Our Recent Publications
The volume examines complex intersections of environmental conditions, geopolitical tensions and local innovative reactions characterising ‘the Arctic’ in the early twenty-first century. What happens in the region (such as permafrost thaw or methane release) not only sweeps rapidly through local ecosystems but also has profound global implications. Bringing together a unique combination of authors who are local practitioners, indigenous scholars and international researchers, the book provides nuanced views of the social consequences of climate change and environmental risks across human and non-human realms.
The focus of this book is on the phenomenon of cursing in shamanic practice and everyday life in Tuva, a former Soviet republic in Siberia. Based on extensive anthropological fieldwork where the author interacted with a wide range of people involved in cursing practices, the book examines Tuvans’ lived experience of cursing and shamanism, thereby providing deep insights into Tuvans’ intimate and social worlds. It highlights especially the centrality of sound: how interactions between humans and non-humans are brought about through an array of sonic phenomena, such as musical sounds, sounds within words and non-linguistic vocalisations, and how such sonic phenomena are a key part of dramatic cursing events and wider shamanic performance and ritual, involving humans and spirits alike. Overall, the book reveals a great deal about occult practices and about social change in post-Soviet Tuva.
Kruglikova, N. & Cooper, D. 2022. (Accepted/In press). Psychogeography Reimagined. The Journal of Global Indigeneity.
2022 American Anthropological Association Annual Meeting – Nov. 9-13, Seattle, WA.
Our Panel: Weathering Uncertainty: Mitigation, Adaptation and (Co)production of Knowledge.
Wildfires, Satellites and Foretelling Reindeer: Readings and Mis-Readings of Environmental Uncertainty in Northeast Siberia
Olga Ulturgasheva (University of Manchester)
Curious Government: Environmental management and managing bureaucracy about the English countryside in uncertain times
Jonathan Woolley (DEFRA, Department for Environment, Food and Rural Affairs, UK)
Certainty of Uncertainty
Nina Kruglikova (University of Manchester)
Living dream: uncertain cosmological crossings and climate change among the Nanai in the Siberian Far East
Mally Stelmaszyk (University of Manchester)
Our Discussant: Barbara Bodenhorn (University of Cambridge)
Dickinson College (Carlisle, PA) presents, “Sliding Earth: Arctic Indigenous Cryo-Worlds, Environmental Risks and Human-Non-Human Collaborations,” with Dr. Olga Ulturgasheva and Sayan Ulturgashev, September 2022.
Accounts of dramatic environmental change offered by Arctic Indigenous communities and international climate scientists have recently pointed to a profound sense of unpredictability generated by the rapidly disappearing cryosphere. There are reports of the unprecedented extinction of ice-dependent worlds and of increasing likelihood for thousands of towns and villages to be threatened by rising sea levels and loss of the sea ice. All of the above will only intensify in the course of the next couple of decades, with methane released by rapidly thawing permafrost. The continuous and rapacious extraction of subsurface resources makes it increasingly clear that an ice-free Arctic is no longer located in the distant future but is lurking just around the corner. This lecture will examine the ways Arctic/Siberian Indigenous communities respond to unpredictable climate events and the knowledge, strategies, and human-non-human collaborations they draw from to face environmental calamities.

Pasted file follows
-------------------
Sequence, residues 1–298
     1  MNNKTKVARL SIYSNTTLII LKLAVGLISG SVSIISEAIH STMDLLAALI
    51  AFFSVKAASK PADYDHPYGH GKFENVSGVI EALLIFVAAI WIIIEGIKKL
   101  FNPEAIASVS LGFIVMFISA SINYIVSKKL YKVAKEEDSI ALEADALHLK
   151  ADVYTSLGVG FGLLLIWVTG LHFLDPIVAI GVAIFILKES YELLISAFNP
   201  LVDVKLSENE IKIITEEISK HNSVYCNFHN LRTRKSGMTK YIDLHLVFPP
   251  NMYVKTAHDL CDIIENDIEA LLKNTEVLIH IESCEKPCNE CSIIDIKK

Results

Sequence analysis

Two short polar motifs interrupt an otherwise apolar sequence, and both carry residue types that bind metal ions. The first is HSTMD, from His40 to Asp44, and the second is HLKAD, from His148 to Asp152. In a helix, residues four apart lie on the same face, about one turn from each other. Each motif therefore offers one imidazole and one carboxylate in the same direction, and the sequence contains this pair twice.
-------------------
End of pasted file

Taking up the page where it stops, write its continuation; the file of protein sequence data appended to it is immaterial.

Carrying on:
Some words Sayan Ulturgashev, Indigenous Choreographer, about Dickinson’s Ballet Certificate Program’s performance of Eveny Melody:
My name is Sayan Ulturgashev, I am an indigenous classical ballet dancer and choreographer. It has been my huge honour to prepare and work together with Dickinson college on this special event – the ballet piece called “Eveny Melody” that will be performed in front of you right now. This event is special not only for Dickinson college but for all Siberian indigenous artists and especially for our native Eveny reindeer herding community. The entire project was completed in collaboration with indigenous artists and singers from Siberian Eveny community. The indigenous artist designed the costume for each dancer individually, the songs were performed by Siberian Eveny community members upon my request specially for this performance.
We, indigenous artists, worked together with the Director of Dickinson ballet program, Sarah Skaggs and stagecraft expert, Sherry McCombs, and everyone who were involved in production, especially brilliant students who worked very hard over last month to make sure the ballet performance happens tonight!
Their hard work is an act of solidarity with Siberian indigenous communities who suffered colonial violence and oppression for centuries. The silent genocide committed against them continues today. And the very fact that the performers whom I auditioned, interviewed and invited to dance in this ballet are the students of Dickinson college is very much a powerful expression of their support for all indigenous people around the world, indigenous arts and creativity.